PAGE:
Juliana Spahr and Stephanie Young on Nicholas Nixon's The Brown Sisters
Our “One on One” series features artists, writers, poets, curators, and others, from around the country, responding to works in SFMOMA’s collection. You can follow the series here. Today’s post is more “Two on Several” than “One on One”: Every year since 1974 the photographer Nicholas Nixon has made a portrait of his wife, Bebe, and her three sisters. Please welcome Juliana Spahr and Stephanie Young on The Brown Sisters.
When Suzanne asked us to write something on Nicholas Nixon’s The Brown Sisters, we began by wondering what we might possibly say. We’ve been working together on writing some things about feminism and how it shows up or not in our small psychosexualsocial poetry scene. So we tend to talk a lot about women’s relations with each other, how they are shaped or recorded by men, and how they are shaped by our own relations with each other. And we’ve also been working together on writing some things that attempt institutional critique — we’ve been looking at things like poetry prize systems, small press publishing, performance series, literary reception and history, the MFA industry — attempting to trace the impact, or not, of feminism in those locations. And so at first glance The Brown Sistersfelt unrelated to this work. It felt familiar, familial, particular. The project didn’t seem to say much about larger systems or structures, about the relationship between these images and larger systems and structures. Not us, we deflected. Juliana said, “I have no sisters.”
And then we thought some more about how all the time we are talking about women’s bodies and how these bodies — and anxieties and projections about these bodies — show up. And here were four of them. Again and again.
There are some things we can say. The Brown Sisters is about aging, and family, and relationships.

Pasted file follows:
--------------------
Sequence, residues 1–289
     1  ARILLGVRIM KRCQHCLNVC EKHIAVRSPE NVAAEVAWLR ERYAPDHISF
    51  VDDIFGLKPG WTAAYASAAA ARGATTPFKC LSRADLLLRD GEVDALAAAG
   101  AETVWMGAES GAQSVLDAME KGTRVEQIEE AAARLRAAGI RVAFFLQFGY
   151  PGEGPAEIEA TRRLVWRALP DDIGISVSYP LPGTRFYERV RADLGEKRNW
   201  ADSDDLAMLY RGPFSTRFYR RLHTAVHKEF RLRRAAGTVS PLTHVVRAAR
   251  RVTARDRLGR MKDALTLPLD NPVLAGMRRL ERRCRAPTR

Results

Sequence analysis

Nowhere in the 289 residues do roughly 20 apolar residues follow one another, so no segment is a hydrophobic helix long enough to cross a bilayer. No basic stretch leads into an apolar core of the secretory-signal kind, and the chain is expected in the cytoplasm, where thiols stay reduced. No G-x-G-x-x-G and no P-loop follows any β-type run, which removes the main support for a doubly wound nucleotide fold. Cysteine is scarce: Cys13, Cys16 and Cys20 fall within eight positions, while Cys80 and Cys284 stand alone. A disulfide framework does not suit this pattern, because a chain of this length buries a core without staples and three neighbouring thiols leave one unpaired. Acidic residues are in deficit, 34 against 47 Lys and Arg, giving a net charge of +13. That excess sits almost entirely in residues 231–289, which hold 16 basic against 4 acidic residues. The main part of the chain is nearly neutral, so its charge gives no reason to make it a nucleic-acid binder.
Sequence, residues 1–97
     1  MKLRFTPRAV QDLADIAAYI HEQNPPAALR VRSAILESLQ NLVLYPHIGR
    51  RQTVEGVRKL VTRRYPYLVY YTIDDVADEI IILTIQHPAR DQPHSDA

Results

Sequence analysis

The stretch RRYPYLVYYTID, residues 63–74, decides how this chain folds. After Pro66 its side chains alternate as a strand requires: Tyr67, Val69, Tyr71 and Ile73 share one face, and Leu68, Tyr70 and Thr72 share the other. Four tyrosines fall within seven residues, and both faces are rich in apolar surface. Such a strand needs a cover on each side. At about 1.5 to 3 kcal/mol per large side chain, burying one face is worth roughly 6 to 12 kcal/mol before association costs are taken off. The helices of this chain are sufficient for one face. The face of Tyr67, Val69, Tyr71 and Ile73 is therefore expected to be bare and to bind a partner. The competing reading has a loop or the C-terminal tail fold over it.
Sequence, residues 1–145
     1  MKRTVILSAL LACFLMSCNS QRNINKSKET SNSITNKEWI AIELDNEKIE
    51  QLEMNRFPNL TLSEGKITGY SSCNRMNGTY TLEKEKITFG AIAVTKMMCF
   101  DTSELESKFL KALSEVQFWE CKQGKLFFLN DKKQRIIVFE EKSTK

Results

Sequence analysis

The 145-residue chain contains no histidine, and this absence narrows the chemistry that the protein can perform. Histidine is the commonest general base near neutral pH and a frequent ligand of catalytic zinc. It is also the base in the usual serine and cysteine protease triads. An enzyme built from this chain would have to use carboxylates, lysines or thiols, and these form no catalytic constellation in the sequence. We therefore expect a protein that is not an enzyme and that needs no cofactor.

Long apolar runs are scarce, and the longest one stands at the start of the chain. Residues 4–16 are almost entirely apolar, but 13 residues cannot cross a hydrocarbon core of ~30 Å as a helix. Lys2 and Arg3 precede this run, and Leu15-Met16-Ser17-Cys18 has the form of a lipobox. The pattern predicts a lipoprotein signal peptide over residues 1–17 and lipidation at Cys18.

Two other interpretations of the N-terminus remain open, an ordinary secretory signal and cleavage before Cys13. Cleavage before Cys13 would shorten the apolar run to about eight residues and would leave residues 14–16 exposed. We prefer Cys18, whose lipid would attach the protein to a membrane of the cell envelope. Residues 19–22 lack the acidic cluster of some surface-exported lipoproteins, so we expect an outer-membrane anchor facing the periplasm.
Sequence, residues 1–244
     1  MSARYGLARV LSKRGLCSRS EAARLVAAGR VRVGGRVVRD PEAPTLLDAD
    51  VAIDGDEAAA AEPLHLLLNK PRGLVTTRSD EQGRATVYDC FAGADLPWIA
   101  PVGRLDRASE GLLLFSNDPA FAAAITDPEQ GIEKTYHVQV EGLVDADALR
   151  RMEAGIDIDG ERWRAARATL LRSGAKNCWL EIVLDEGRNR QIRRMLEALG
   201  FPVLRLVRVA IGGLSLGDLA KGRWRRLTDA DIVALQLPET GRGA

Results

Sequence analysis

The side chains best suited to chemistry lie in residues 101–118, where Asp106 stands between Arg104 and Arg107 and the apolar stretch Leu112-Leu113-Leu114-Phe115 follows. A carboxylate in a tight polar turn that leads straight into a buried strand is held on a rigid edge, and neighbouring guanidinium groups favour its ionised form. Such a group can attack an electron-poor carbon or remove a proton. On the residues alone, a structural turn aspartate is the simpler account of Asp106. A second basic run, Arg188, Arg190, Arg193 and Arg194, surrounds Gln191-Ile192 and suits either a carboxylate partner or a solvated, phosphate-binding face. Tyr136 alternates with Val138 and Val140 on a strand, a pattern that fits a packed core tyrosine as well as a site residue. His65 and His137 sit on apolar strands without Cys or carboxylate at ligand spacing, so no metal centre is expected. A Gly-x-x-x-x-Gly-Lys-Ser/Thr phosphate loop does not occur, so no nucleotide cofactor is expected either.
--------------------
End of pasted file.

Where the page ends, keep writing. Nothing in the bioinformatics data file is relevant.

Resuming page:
And yet there are so many other things we don’t know how to talk about. We are struck by how difficult it is to read the images of these women as at all exceptional; struck by the minorness of these pictures’ claim in relation to the field of art history and also to gender and economics. And yet we can’t stop looking. They are so obviously middle-class women. We keep thinking, are they on Cape Cod every summer? Nantucket? Where is Nantucket? What do these sisters eat? What are their matching dresses about, striped and belted at the waist? The moments when we think one or several of the sisters are queer, why do we think that? The sexuality of the sisters is invisible, except in the case of Bebe Nixon, the photographer’s wife (and, admittedly, her sexuality is visible only in surrounding/contextualizing materials, not necessarily within the photographs themselves). We think about how the women aren’t wearing makeup, aren’t femme. Does this not being femme have something to do with the kind of power they seem to have as they age? The information here feels accidental. We imagine they are together, but wonder how the images do or don’t register shifts in their relationships with each other over time — fights, distances, alliances — but also shifts in their relationships with the photographer, their brother-in-law/husband. Sometimes they look mad or wary. In each photograph, the sisters stand in the same order, which makes it easier to track them over time. We wonder about this. We wonder who decided they should stand in the same order for the photograph every year. Did the sisters decide this or did Nicholas Nixon decide this? Did they all decide together? Does one of them sometimes wish she could trade spots, stand on the other side of the frame for once? We cast ourselves into a future photograph in which a sister will have died and consider how empty her spot will be. For a moment we feel as if we are looking at a memorial. We wonder if the sisters appreciate this annual documentation of their bodies or if it is wearisome to them. What is the nature of their commitment to this project? Did they know what they were getting into thirty-five years ago? Did they make a decision as a group — the sisters and Nicholas Nixon — to commit to this process? Did someone have to talk someone else into participating? Did someone ever threaten to drop out? Did the occasion of the photograph ever bring resolution to a conflict? What else does the group do when they meet? How far do they each have to travel each year? What do they give up to be there? What rewards do they receive? In short, what is their relationship to their own representation?